Since the birth of humanity, humans have adapted, invented, and formed together in communities by creating societies with rulesets or laws in order to accomplish a common goal.  Laws are created as a set of rules for what is considered by the general population as what’s morally right and wrong.  However, there are still people in societies that decide to break these laws and perform actions that are considered immoral by the masses such as murder or thievery.  This phenomenon of people following the laws put in place can be a mixture of things but mostly does wind down to conformity and obedience.  However, conformity and obedience alone doesn’t explain the internals of what’s happening when somebody acts on the decision to make or break the law.  This is when what people call the conscience kicks in; something in peoples’ brains that make them feel bad for others or their own actions.  The ‘conscience’ is more so a short way of explaining the functions of the limbic system in the brain, which helps to control the emotions of humans and give us that feeling of what’s right or wrong (Spielman et al., 2014).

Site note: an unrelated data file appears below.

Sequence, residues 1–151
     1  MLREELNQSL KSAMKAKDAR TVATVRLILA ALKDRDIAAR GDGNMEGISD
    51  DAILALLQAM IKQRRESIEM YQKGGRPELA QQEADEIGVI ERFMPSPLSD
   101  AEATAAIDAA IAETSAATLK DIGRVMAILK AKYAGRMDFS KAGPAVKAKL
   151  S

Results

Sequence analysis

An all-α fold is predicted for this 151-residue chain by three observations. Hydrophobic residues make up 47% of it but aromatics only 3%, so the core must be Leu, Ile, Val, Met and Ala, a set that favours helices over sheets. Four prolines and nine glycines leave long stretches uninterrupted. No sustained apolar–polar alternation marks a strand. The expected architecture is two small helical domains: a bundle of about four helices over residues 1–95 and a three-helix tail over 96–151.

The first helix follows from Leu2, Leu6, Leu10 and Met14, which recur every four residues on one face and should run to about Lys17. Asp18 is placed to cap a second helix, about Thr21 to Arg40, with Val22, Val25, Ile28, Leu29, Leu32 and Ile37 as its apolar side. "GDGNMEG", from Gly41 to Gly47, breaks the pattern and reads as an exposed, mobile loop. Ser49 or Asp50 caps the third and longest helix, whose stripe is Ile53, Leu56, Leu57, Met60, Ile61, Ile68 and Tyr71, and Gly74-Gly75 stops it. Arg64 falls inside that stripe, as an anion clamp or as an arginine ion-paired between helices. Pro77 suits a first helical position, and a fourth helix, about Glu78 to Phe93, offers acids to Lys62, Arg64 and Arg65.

Starting off with conformity, it is defined as a subject’s behavior or attitudes following those of the object (Guandong et al., 2012).  In the instance of law-abiding citizens, conformity would describe the peer pressure or herd mentality of others within a society.  If everyone believes that rape and murder is morally wrong and agrees upon these terms, then others will follow in those beliefs.  One can especially see this in the case of past empires and countries, for example, the Mongol Empire.  The Mongol Empire, while under the rule of Genghis Kahn, was known for being vastly furious, conquering a majority of Eurasia meanwhile doing actions that many other empires at the time would consider morally wrong and unjustifiable, which in turn struck fear.  With all these terrible actions, the Mongols still were able to keep a large following and an army that were capable of doing these horrendous acts, despite what anyone’s conscience may have been telling them.  This could also be an example of how nurture can affect nature, as being raised in an environment/society where acts of violence are considered normal would ultimately affect how someone acts towards certain emotional stimuli and rewire the biology of their brain.